There is no such thing as a perfect ROE for all situations, or any ROE than can dispassionately and objectively proceed as a flawless algorithm. The mitigating measures of mandatory training (Law of War, Geneva Convention, Code of Conduct, cultural sensitivity training, etc..), and ROE, while appropriate and necessary, are imperfect. ROE represent competing choices that inevitably require leadership to operate upon a sliding scale of current risk vs. postponed potential greater or lesser future risk. The selection may be towards more stringent ROE, choosing increased risk for our soldiers to safeguard property and innocent lives.
In counterinsurgency operations, the logic and hope are that restrictive ROE reduces risk to our soldiers in the longer-term by minimizing blowback and support for the insurgency. Or, the choice may for looser ROE that offer minimal risk for our forces presently engaged with the enemy in exchange for higher risk to property and innocent lives. The tradeoff is that more permissive ROE may play into the hands of the insurgencies quest for legitimacy and widespread support in the long run with increased loss of property and civilian lives. It comes down to a choice of when you want to have the risk amplified for our soldiers – during ongoing current operations, or in the future as our actions may breed resentment and serve to strengthen opposition in the long run.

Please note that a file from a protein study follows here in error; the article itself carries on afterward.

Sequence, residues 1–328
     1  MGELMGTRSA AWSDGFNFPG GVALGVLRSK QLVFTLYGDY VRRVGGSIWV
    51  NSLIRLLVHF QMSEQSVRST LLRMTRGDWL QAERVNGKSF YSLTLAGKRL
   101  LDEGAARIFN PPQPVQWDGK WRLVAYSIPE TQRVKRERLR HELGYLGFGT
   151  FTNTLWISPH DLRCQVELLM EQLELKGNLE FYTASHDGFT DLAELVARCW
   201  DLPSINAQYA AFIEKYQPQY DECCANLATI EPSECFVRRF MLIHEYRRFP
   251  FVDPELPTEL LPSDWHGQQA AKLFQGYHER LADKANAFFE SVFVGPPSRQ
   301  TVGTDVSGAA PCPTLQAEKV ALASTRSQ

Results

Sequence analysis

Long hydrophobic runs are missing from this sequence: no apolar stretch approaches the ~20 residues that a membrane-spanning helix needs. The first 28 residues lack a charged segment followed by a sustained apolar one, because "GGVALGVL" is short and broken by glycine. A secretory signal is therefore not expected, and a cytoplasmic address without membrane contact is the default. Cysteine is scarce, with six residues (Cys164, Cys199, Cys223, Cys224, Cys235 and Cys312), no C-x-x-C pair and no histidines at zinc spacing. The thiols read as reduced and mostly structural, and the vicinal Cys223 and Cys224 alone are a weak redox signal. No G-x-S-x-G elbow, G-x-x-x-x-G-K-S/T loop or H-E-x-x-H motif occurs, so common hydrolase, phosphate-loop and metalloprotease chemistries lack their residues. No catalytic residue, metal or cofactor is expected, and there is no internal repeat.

Or, our coalition partners demonstrated that it is possible to design ROE that minimize risk to your forces and minimize property damage and non-combatant casualties in the short run, yet bring the multifold higher risk for both in the long term.